Mike and I have discovered the Burnaby Central Park by our house. Yesterday as we walked through the park, I excitedly encountered this little fella:
My first reaction was OH MY GOODNESS, BANANA SLUG! For the record, there aren’t any banana slugs in Ontario, so in general I find them very exciting. However, I wasn’t about to post about them until I knew for sure it WAS a banana slug. When you google banana slug you get images that look like this! Hardly seems like the same little guy; this one was only about 4cm, has black markings, and much darker pigmentation. Luckily I discovered that this is in fact the Pacific banana slug (Ariolimax columbianus), as opposed to the other two species (A. dolichophallus, and A. californicus) which seem to come in more yellow shades (based on google image searches…).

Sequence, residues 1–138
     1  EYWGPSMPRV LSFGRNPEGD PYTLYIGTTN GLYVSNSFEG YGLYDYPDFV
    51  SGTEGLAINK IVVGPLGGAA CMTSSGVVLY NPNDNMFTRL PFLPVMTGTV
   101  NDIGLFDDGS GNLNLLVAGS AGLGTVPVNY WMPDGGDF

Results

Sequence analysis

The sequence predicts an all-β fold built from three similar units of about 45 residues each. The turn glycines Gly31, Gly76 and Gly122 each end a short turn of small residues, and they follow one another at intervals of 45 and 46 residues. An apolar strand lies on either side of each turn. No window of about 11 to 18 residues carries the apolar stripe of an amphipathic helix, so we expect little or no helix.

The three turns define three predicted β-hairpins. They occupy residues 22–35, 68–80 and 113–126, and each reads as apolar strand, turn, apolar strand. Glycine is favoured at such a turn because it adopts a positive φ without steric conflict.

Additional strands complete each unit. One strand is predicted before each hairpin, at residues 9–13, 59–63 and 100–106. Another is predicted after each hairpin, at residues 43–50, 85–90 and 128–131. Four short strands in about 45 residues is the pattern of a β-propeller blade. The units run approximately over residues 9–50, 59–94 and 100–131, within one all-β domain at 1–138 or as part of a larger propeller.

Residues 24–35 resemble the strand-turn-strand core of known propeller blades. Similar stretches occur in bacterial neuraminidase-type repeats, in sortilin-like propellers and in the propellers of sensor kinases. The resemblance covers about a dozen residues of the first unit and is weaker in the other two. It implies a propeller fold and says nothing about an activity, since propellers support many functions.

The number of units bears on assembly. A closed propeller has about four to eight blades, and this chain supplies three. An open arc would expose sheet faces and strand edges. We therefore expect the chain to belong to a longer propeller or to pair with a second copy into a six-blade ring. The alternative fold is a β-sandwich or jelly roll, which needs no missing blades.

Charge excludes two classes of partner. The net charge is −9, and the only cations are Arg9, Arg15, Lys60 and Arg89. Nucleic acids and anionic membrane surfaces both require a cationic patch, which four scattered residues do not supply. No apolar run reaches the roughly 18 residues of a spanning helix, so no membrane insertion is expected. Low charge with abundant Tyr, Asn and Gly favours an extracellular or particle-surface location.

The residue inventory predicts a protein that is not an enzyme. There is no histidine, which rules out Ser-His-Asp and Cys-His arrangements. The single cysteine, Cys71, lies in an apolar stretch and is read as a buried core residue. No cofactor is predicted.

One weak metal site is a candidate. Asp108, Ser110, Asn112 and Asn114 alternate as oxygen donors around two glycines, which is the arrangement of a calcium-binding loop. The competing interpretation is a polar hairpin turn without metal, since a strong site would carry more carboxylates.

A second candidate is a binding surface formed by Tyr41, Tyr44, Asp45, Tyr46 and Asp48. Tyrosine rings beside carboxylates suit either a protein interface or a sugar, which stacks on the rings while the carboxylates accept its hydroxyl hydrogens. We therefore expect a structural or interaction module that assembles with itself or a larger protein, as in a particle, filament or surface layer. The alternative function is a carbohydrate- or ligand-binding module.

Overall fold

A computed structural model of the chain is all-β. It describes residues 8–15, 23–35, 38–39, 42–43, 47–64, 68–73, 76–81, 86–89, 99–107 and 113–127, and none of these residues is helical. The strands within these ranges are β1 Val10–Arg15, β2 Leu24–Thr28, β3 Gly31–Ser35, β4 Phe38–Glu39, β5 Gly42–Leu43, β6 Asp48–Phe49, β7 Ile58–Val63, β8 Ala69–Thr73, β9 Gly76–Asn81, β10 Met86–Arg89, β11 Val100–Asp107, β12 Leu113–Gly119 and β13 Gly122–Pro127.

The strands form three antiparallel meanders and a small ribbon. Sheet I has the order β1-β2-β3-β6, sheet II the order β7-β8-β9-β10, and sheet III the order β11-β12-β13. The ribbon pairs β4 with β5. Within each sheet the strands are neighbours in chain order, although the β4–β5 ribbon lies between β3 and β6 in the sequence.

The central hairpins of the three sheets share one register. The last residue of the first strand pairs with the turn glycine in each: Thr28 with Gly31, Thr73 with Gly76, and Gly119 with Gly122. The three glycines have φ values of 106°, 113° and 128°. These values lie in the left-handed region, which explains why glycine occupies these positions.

I also find them exciting because in first year biology they were one of the first examples of the interface between behaviour and evolution that I ever encountered. In brief, the basic story is that there are multiple populations of your regular old garter snake (Thamnophis elegans). They originated inland and slithered out to more costal habitats, where they discovered banana slugs. Some fraction of the colonizing snakes were able to smell the slugs (a physiological trait that is controlled by genes), so all of a sudden with this new prey source they were able to eat like snake kings (!!) while their scent-sensing-deficient siblings suffered (or did no better than in their old habitat). As a result of this difference in predation behaviour, some did relatively better, proliferated more, and the result is that today, only a few inland garter snakes are capable of recognizing banana slugs as food, while most coastal snakes can. BLAM behavioural ecology.